A generator can keep your home up and running during service interruptions.
EnergyUnited strives to provide safe, reliable electric service 100% of the time. Even though EnergyUnited has a reliability rating of 99.97, interruptions in electric service due to severe weather, equipment, or accidents still occur. While any interruption in electric service is an inconvenience, for some with medical needs it may be a potentially life-threatening situation.
As we become increasingly dependent on the need for electric service, homeowners are recognizing the advantages of generators to provide continuous service, peace of mind, and protection until utility power is restored.
Today there are several types of generators available on the market to meet the individual needs of the homeowner. For those who require continuous electric service, permanently installed standby generators can back up the entire home’s circuits; for others who want the flexibility to run specific circuits or appliances, a portable generator can meet those needs.
Regardless of the type of generator you choose, it is vital that the generator is installed correctly and handled with care. A licensed electrician should install the generator and a transfer switch. Improper installation can send electricity from your generator onto utility power lines, energizing wires that lineworkers believe to be out of service.
Generator Safety Tips
Follow all safety instructions provided by the generator manufacturer. Notify EnergyUnited if you have or plan to install a residential generator.
- Do not use a generator indoors, Exhaust contains carbon monoxide, a deadly poison gas you cannot see or smell.
- NEVER run a generator indoors or in partly enclosed areas such as garages.
- ONLY use outdoors and far from windows, doors, vents, crawl spaces and in an area where adequate ventilation is available and will not accumulate deadly exhaust gas. Using a fan or opening doors and windows will not provide sufficient ventilation.
- It is recommended that you install battery operated Carbon Monoxide alarms/detectors indoors according to manufacturer’s instructions / recommendations.
Fueling and Burn Safety
- Never add fuel while unit is running or hot. Allow generator and engine to cool entirely before adding fuel.
- Never store a generator with fuel in the tank where gasoline vapors might reach an open flame, spark or pilot light.
- Do not smoke near fuel or generator.
- Many generator parts are hot enough to burn you during operation and while the generator is cooling after turning off. Avoid coming into contact with a hot generator.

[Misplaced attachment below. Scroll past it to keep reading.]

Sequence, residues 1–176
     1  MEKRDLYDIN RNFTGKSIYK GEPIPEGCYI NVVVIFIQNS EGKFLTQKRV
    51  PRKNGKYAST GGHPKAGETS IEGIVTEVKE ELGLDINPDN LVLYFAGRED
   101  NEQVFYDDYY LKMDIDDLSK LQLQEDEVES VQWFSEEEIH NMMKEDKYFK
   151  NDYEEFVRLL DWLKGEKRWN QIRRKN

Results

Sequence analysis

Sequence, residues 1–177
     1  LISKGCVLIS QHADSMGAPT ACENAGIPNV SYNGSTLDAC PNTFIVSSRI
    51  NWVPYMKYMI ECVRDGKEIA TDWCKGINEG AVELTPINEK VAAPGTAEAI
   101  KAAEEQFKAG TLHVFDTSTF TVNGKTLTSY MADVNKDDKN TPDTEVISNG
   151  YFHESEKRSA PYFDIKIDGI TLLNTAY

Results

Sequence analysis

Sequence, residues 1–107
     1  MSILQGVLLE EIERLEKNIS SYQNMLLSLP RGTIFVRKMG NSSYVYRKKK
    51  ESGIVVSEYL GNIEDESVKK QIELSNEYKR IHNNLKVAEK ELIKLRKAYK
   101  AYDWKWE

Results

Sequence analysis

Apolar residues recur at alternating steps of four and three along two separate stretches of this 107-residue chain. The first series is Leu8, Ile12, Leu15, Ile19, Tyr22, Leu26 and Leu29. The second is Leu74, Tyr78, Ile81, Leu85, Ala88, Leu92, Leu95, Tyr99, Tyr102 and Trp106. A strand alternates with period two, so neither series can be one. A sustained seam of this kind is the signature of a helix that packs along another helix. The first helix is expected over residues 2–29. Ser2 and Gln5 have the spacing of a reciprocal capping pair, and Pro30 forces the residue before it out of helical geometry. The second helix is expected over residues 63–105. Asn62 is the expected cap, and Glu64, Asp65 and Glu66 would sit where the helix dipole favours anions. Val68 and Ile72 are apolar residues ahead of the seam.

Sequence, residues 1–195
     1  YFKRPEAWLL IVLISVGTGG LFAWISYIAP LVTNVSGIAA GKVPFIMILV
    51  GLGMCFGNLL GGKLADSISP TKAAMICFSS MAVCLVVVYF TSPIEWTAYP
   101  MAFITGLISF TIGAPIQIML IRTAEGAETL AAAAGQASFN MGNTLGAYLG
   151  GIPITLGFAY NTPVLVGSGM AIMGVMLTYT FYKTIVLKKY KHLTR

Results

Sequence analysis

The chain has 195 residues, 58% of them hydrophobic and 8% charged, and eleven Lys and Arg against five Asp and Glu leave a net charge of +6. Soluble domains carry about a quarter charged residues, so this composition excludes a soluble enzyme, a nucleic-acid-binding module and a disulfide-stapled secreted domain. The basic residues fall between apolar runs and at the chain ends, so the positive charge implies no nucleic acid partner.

Electrocution Hazard and Electrical Shock Hazards
- Connecting a portable electric generator directly to your household wiring can be deadly to you and others. A generator that is directly connected to your home’s wiring can ‘back feed’ onto the power lines connected to your home and injure neighbors or utility workers.
- Do not connect your generator directly to your home’s wiring or into a regular household outlet.
- Always start or stop the generator only when no electrical loads are connected.
- Do not overload the generator. Do not operate more appliances and equipment than the output rating of the generator. Prioritize your needs. A portable electric generator should be used only when necessary, and only to power essential equipment.
- Use the proper power cords. Plug individual appliances into the generator using heavy-duty, outdoor-rated cords with a wire gauge adequate for the appliance load. Overloaded cords can cause fires or equipment damage. Do not use extension cords with exposed wires or worn shielding.
- Do not operate the generator in wet conditions such as rain or snow.
- The generator must be properly grounded. We strongly recommend that you check and adhere to all applicable federal, state and local regulations relating to grounding.
Generator Placement and Operation
- Allow at least five feet of clearance on all sides of the generator when operating.
- Generators can be used during a wide variety of weather temperatures, but should be protected from the elements when not in use to prevent shorting and rusting.
- Operate the generator only on level surfaces and where it will not be exposed to excessive moisture, dirt, dust or corrosive vapors.
- Inspect the generator regularly and contact the nearest authorized dealer for parts needing repair or replacement.
When a generator is permanently connected to the homeowner’s electric system, it energizes the building’s wiring. This type of installation requires a device that prevents the generator from being connected to EnergyUnited’s power lines.
- Follow all safety instructions provided by the generator manufacturer.
- Only a qualified professional, such as a licensed electric contractor, should install a permanent standby generator.
- A transfer switch is the recommended device to keep your generator from backfeeding into EnergyUnited’s system. The switch also keeps EnergyUnited’s power from re-energizing your house wiring while your generator is running, protecting your generator, wiring and appliances from damage when your service is restored.
- Have all additions to your house wiring inspected in accordance with county and/or state codes.
- When installation is complete, call EnergyUnited to let us know about your back-up system. We will make a note in our records to remind our workers of your generator if they are working on an outage in your area.
- If you already have a permanently installed standby generator but you don’t know if it’s installed properly, call your local building inspector or a licensed contractor for help.
As a reminder…you are responsible for any injuries or damage to your property, your neighbors’ or EnergyUnited’s from an improperly installed or operated generator.